New method to detect antibiotics-resistant bacteria

A team of physicists from Immanuel Kant Baltic State University suggested a method to quickly identify single antibiotic-resistant bacteria cells that are the agents of tuberculosis.

Scientists at the Kant Baltic State University have developed a method to quickly identify single antibiotic-resistant bacteria cells that are the agents of tuberculosis. This method could help scientists to select effective treatment for tuberculosis.

According to the World Health Organization, each year almost 10 million people worldwide get infected with TB. The disease caused by antibiotic-resistant strains of Mycobacterium tuberculosis.

There are many methods available to diagnose the disease, but they are time-consuming. Methods of quick identification of drug-resistant bacteria are required both for clinical practice and scientific research. Taking this fact into the account, scientists along with their colleagues from Saint-Petersburg State Research Institute of Phthisiopulmonology and Saint-Petersburg State University came up with a method that using Raman scattering spectrography to quickly analyze bacterial cells.

The method quickly identifies the composition and structure of the studied material based on the scattering of laser radiation with a certain wavelength by its sample.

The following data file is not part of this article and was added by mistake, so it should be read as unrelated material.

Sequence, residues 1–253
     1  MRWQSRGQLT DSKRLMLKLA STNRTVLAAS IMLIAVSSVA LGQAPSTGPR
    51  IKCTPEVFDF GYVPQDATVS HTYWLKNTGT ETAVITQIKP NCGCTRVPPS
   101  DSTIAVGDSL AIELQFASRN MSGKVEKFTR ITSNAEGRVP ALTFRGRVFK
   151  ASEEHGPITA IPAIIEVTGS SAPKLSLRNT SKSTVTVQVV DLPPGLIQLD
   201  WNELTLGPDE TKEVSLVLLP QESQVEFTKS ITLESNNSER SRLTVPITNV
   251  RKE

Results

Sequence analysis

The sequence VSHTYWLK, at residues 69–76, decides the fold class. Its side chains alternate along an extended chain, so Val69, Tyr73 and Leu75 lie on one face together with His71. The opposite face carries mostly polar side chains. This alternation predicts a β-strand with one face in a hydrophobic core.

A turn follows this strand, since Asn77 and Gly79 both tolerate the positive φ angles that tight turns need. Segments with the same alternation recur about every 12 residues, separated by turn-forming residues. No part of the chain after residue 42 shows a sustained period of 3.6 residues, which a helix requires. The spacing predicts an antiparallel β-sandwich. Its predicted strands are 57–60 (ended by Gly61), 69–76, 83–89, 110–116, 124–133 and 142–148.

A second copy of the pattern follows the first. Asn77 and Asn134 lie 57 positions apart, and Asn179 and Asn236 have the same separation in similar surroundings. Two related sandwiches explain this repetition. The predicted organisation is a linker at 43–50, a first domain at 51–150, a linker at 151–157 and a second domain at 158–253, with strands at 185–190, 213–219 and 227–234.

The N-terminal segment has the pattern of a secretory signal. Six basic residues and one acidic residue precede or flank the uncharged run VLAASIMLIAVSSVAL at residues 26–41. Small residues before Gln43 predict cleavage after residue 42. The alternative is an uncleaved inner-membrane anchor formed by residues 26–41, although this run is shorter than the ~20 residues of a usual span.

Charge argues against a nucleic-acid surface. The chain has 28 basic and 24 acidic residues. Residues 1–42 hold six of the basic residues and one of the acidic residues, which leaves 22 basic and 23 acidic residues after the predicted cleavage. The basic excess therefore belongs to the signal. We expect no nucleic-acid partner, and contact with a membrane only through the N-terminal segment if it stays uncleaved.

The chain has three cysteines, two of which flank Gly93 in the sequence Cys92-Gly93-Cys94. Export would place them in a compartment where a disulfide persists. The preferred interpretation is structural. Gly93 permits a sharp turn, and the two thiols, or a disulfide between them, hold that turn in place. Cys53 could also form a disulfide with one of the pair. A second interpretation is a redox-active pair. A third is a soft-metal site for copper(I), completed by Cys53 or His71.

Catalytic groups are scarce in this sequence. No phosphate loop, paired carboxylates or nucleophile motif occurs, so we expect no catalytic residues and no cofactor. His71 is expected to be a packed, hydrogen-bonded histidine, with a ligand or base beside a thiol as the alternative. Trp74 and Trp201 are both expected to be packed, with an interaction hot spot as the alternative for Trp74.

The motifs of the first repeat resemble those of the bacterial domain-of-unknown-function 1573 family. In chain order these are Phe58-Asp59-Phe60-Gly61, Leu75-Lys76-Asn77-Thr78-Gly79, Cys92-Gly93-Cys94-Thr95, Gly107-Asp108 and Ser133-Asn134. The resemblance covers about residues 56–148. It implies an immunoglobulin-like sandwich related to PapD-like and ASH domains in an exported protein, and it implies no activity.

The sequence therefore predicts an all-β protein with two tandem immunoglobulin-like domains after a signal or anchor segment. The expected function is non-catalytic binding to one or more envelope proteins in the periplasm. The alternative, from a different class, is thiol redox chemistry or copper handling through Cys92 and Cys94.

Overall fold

Scientists used bacterial strains obtained from lung expectorations of tuberculosis patients, as well as from bone tissue samples taken during surgeries. Before the experiments with Raman scattering spectrography, the level of drug resistance of the bacteria was determined using standard biological and chemical methods.

To obtain information about the structure of the cells belonging to different strains, the scientists pointed the laser beam at different bacteria during the spectroscopy procedure. The cells of different strains appeared to scatter the light differently because resistance to antibiotics occurs, among other things, due to changes in the composition of bacterial cell wall components. Spectroscopy helped identify differences in the cell walls of drug-resistance and drug-sensitive bacteria.

Andrey Zyubin, a senior research associate at the Scientific and Educational Center said, “According to the results of the experiment, Raman spectroscopy may be a useful tool for determining the levels of drug resistance in tuberculosis agents. Fundamental and Applied Photonics. Nanophotonics.”

The results of the first trial of the method were published in Data in Brief.

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